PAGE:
Saudi Arabia is on a roll with this not-treating-women-too-much-like-2nd-class-citizens thing! Earlier this week King Abudllah announced that women could vote and run in elections. Then on Wednesday, a member of his staff told the AP a Saudi woman will be spared a punishment of 10 lashes for flouting the country’s ban on women driving. The woman, Shaima Jastaina, was found guilty of driving without a license (as Saudi Arabia only issues such licenses to men) and sentenced to 10 lashes. Geez Louise, hold onto your testicles, boys, because it is like the office of Ms. magazine over there! Just kidding: the official speaking to the AP declined to elaborate about the amnesty, which may signify the king is trying not to draw attention to it and risking angering Saudis who oppose the expansion of women’s rights. But two grand, pro-women gestures in one week is still something to celebrate. [Al-Jazeera]
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Saudi Arabian women may now vote and run for office, King Abdullah declared on Sunday, ending a portion of the restriction on women’s rights in the region. Women in Saudi Arabia are still required to have a male chaperone (usually a male relative) to do most things and are still forbidden from driving. Therefore, the extent to which women actually can exercise their right to vote or to run for office may be limited. However, the king has indicated with this decree that the kingdom may be inching towards change. According to The New York Times, he told the country in an address, “We refuse to marginalize the role of women in Saudi society.” He added that women will be appointed to a government council that advises the monarchy on policy. Keep reading »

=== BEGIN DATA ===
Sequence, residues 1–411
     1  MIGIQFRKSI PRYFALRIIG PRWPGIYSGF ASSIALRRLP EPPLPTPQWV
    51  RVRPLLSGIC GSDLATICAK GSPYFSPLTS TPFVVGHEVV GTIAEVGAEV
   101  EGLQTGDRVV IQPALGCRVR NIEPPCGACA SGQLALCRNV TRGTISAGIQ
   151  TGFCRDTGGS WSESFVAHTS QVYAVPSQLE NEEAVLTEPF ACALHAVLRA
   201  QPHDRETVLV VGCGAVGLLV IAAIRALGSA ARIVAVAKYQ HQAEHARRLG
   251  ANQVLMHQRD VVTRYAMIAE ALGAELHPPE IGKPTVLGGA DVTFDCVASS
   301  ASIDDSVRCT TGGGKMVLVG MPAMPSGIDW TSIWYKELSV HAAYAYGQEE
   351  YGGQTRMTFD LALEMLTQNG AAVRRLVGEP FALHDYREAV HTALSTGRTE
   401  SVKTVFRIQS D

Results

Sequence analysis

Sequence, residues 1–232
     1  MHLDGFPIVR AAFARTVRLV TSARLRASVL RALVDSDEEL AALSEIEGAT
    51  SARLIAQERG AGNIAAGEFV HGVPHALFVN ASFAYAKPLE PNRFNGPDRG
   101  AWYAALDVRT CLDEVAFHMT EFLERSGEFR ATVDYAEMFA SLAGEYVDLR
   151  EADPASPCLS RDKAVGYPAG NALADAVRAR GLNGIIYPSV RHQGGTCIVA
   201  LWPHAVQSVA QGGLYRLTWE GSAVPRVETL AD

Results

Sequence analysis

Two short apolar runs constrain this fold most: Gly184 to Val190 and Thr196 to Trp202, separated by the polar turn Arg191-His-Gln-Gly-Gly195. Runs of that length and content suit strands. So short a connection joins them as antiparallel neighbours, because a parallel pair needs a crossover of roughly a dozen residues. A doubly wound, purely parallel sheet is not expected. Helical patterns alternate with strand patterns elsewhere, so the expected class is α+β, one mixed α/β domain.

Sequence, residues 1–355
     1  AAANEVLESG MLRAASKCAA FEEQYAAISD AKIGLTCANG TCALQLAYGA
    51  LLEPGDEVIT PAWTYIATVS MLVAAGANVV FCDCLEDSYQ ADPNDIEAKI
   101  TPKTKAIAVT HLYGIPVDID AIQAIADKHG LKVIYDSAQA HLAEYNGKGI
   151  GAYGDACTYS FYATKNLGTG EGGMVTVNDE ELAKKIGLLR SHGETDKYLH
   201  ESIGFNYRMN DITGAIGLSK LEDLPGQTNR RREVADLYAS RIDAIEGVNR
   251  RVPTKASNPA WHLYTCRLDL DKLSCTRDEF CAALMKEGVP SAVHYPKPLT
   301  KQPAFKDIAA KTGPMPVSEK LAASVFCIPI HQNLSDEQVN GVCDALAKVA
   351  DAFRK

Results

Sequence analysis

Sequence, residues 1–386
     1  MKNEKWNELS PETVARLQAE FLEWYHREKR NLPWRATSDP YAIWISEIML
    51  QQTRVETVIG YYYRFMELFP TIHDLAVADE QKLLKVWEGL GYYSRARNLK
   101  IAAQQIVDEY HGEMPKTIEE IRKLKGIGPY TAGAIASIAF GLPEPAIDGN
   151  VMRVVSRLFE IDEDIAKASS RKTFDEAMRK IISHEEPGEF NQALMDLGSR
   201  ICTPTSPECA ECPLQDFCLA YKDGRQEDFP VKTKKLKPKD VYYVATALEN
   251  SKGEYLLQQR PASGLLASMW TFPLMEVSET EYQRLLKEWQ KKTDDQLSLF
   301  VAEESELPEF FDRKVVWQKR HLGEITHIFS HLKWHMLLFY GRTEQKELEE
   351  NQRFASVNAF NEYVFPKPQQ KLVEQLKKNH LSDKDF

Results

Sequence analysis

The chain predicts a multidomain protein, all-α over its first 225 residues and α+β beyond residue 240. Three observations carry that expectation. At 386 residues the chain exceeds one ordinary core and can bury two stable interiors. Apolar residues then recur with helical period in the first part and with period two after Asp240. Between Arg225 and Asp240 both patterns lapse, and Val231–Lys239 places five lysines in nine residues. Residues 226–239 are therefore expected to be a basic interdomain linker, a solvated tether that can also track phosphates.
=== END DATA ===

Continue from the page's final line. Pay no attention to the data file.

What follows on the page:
Recently, I wrote a blog post about teaching our girls to be feminists. But I also think boys should be taught what it is to be a feminist. A couple of years ago, I recall a conversation I had with my 13-year-old nephew who is quite intelligent and a bit beyond his years. He was saying that he and his friends had had a discussion about who had it easier, men or women. They decided that women did for various reasons. A huge conversation ensued, as you can imagine, with my nephew, his mother, his grandmother and grandfather, and me. I think decidedly, by the end of the talk, we might have changed his mind! But it was a great moment to have an intelligent discussion about gender and what it means to be male or female in today’s world.
There seems to be a lot more research being done lately about boys and gender stereotyping. Undoubtedly, we need boys who will grow up understanding and appreciating what it means to be female in our society as well as the world-at-large because they will benefit from that awareness and so will everyone else. There are plenty of adult men out there who support women’s rights and work equally as hard to continue to make sure that girls and minorities are at the forefront of the discourse about equal rights. The question is, are we raising boys who are sensitive to inequity, critical thinkers, and culturally aware? Keep reading »